In contrast with the Second Intifada, which began with a deliberate provocation when Ariel Sharon and 1000 Israeli police officers marched on to the Haram al-Sharif/Temple Mount in September 2000, the First Intifada began almost by chance. On December 8, 1987, an IDF truck crashed into a line of cars stuck at the Erez crossing between Israel and Gaza, killing four Palestinians. This was probably an accident, notwithstanding a pervasive Palestinian belief that it had been an intentional Israeli attack. A demonstration that broke out at the funerals, that evening, turned into mass PLO-led protests throughout Gaza, the West Bank, and East Jerusalem the next day, and that turned into nearly four years of violence. Over 2200 people lost their lives, more than 2000 of them Palestinians.
Of course, if you know anything about the history of the Israeli occupation and the Palestinian struggle for self-determination, you know that the First Intifada (the word, intifada, means “shaking” or “awakening,” although now it has come to mean “popular uprising”) didn’t start because of a car accident. That accident was the spark, but the kindling was laid over decades, back to the creation of Israeli in 1948 and more immediately to the Six Day War in 1967, when Israel occupied the West Bank, Gaza, and the Golan.
The occupation shut Palestinians out of all but the most menial jobs, and the combination of strict Israeli restrictions on new Palestinian construction and the beginnings of the Jewish settler movement pushed the Palestinians into ever tighter, denser living space. Israeli authorities maintained their control over the Occupied Territories with a combination of violence, intimidation, fear, and pervasive surveillance, adding to a general Palestinian feeling of powerlessness and national humiliation. Large-scale Palestinian demonstrations and isolated acts of violent resistance against the occupation had already begun well before the First Intifada started, and one of the typical Israeli responses to these actions–deportation–fueled Palestinian speculation that the Israeli government was planning to ethnically cleanse the territories so that it could annex the land completely.
The Intifada was unprecedented both for the size and scope of the uprising and for the fact that Israel’s usual tactics for suppressing Palestinian protest–police brutality, collective punishment like home demolition, deportations, curfews, etc.–had little effect apart from deepening Palestinian resolve. The one thing that did prove effective was the Israeli effort to cultivate informants and collaborators among the Palestinian population. The informants didn’t provide much information to Israeli authorities, but their presence did generate mistrust and infighting among the Palestinians. Of the 2000+ Palestinians who died as a result of the Intifada, over 800 of them were killed by their fellow Palestinians, and this internal discord eventually took a lot of the steam out of the uprising.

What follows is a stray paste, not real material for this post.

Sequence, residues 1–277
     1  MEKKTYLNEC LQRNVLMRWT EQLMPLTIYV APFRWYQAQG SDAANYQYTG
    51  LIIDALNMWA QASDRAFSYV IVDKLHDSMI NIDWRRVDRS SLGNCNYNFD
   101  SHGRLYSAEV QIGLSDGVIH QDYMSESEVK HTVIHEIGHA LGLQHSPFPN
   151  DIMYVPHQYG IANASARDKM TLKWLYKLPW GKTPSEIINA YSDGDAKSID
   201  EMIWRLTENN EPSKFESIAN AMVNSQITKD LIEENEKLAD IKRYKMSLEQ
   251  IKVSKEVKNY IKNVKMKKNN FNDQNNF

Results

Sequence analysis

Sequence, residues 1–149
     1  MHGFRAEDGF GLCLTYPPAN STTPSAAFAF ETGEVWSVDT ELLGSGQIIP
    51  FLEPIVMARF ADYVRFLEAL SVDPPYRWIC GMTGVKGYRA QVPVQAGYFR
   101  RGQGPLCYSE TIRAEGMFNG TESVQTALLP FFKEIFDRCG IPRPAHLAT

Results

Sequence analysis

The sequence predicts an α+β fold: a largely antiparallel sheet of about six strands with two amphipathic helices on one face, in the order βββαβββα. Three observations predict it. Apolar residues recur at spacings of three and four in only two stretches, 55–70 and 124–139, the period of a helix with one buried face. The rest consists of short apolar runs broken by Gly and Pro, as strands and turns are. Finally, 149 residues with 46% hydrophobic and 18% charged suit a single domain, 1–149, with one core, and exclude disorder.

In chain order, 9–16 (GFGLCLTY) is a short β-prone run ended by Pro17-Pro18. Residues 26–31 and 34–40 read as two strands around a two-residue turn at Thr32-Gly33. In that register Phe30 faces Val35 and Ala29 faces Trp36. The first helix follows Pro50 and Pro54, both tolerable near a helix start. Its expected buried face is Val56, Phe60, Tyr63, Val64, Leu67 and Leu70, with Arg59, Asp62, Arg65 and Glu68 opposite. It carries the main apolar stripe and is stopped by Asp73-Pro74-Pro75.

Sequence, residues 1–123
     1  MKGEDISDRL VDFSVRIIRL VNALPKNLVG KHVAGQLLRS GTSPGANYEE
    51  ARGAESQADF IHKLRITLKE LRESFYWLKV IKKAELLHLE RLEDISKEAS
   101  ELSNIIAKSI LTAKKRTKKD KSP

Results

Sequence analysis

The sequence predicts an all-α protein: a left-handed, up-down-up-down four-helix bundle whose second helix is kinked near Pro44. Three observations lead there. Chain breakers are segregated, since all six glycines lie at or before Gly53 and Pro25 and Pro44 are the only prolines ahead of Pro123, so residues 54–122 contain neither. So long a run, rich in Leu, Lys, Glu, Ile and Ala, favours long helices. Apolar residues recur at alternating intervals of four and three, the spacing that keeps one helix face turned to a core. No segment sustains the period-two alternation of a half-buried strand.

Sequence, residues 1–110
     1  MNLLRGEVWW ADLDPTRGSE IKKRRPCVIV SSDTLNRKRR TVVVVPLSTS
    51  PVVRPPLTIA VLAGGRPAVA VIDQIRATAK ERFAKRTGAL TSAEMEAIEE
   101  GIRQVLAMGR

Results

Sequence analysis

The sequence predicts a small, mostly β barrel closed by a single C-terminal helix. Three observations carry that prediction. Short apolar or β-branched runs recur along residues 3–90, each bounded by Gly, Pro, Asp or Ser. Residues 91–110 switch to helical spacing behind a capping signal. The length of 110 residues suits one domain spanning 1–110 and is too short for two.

The uprising ended with the opening of an Israel-Palestine peace conference in Madrid on October 30, 1991, although some people will argue that it continued through the signing of the Oslo Accords in 1993. Given how little has actually changed for the Palestinians since 1987, except insofar as things have gotten worse, it’s hard to argue that the uprising achieved anything of significance. However, it did bring global attention to the Palestinian struggle, and it clearly established the PLO as the closest thing the Palestinians had to a political leadership. PLO leader Yasser Arafat used that prestige as political capital in order to get away with moderating the PLO’s position on several key points, like the acceptance of Israel’s right to exist and of the two-state solution as the ultimate goal of peace talks. Those concessions helped create the conditions for the Oslo Accords, and even though we now realize that Oslo was doomed to fail almost from the start, at the time that seemed like a big deal.